How To Avoid Most Common eCommerce Store Fails (2021)

eCommerce can be a rough industry to work in, no matter what you’re selling. You probably see competitors go out of business all the time. Here are a few ways to ensure you don’t follow suit.

eCommerce can be a brutal, unforgiving industry, and estimates for how many stores actually survive for more than a few years range from 10% to a paltry 3%. And yet in spite of this failure rate, eCommerce is booming, with worldwide sales projected to top $4 trillion dollars by 2020.

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In other words, even though running your own online storefront can be grueling and challenging, it’s also immensely rewarding if you do things right. And believe it or not, that’s actually a lot easier than you’d expect. The mistakes that doom most storefronts are surprisingly common – and many of them are startlingly basic.

1. People Don’t Actually Know What You’re Trying To Sell (Or Can’t Buy It)

What’s The Problem?

Picture this – you walk off the street into a brick-and-mortar store, but the moment you get inside, you regret your decision. The lighting is so terrible you can’t even see the products on the shelves, and the whole place is laid out like a labyrinth of bad decisions. It doesn’t take you long to give up and leave – there are a hundred other stores you could go to that’d offer you a better experience than this.

What I just described above is basically the experience offered by way too many eCommerce startups. A messy, unappealing, website, poor-quality product photos, a lack of product descriptions, terrible website functionality…the list goes on, but ultimately each of these factors boils down to one thing. People aren’t able to find the products they’re looking for, and will ultimately give up and go elsewhere.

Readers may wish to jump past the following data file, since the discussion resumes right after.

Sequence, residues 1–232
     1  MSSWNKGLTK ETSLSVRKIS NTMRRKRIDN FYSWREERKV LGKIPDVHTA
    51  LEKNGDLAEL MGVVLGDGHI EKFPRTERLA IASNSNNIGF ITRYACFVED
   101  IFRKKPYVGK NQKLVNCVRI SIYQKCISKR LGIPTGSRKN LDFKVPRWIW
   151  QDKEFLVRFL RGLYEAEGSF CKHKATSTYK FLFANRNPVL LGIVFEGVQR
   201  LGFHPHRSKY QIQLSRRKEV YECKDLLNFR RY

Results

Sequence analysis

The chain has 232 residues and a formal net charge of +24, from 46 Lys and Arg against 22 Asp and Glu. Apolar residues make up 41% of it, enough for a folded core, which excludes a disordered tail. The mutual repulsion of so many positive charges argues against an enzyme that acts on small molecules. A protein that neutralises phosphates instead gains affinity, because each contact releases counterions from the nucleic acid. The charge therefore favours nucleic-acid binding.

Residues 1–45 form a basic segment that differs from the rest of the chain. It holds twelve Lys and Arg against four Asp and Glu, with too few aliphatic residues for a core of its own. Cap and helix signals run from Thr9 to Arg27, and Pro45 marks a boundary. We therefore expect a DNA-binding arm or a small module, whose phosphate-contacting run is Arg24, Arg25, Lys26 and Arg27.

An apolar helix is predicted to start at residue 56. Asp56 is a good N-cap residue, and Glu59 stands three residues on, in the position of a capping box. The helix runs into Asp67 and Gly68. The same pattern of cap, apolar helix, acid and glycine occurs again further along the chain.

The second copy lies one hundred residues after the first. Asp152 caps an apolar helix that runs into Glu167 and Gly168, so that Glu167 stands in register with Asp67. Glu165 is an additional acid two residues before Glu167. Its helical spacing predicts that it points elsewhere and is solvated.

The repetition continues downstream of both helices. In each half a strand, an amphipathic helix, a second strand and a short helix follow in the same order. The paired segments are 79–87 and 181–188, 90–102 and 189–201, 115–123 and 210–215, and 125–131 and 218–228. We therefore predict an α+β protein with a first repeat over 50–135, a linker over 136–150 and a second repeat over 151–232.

How Can I Fix This?

  • Keep your website simple and functional. Your site needs to be navigable via mobile with a low resource load. Do away with unnecessary elements like
  • Use product categories, and make them searchable.
  • Invest in high-quality product photos or demos. People can’t pick up and look at what you’re selling on your store, so you need to give them the next best thing. Include at least three high-quality photos of each product. Hire a professional photographer if you need to.
  • Write descriptive product copy. Appealing product descriptions are just as important as great photos. Again, if you don’t have the chops to write them yourself, hire a copywriter to handle it for you.
  • Don’t try to sell everything. Focus on a set of core products that appeal to your ideal consumer (whoever that may be). If you try to make your store a one-stop-shop for everything, people probably won’t want to buy anything.

2. Your Inventory Management Is An Unmitigated Disaster

What’s The Problem?

One of the biggest issues new stores face lies in inventory management. Buy too much, and you’ll have boxes upon boxes of unused, unsold products collecting dust in a warehouse, while you desperately try to balance the books. Too little, and you’ll miss out on sales.

Not only that, you need an adequate method of tracking your inventory. How long will it take to order supplies from each of your vendors? How will you account for differing delivery times? How can you track what you have and don’t have? How will you handle shipping costs?

How Can I Fix This?

Three words: inventory management software. Whether you’re using a plugin on Shopify or an extension on Magento, it’s imperative that you invest in a tool that allows you to easily track your stock and manage order fulfillment. Don’t try to handle it yourself – trust me.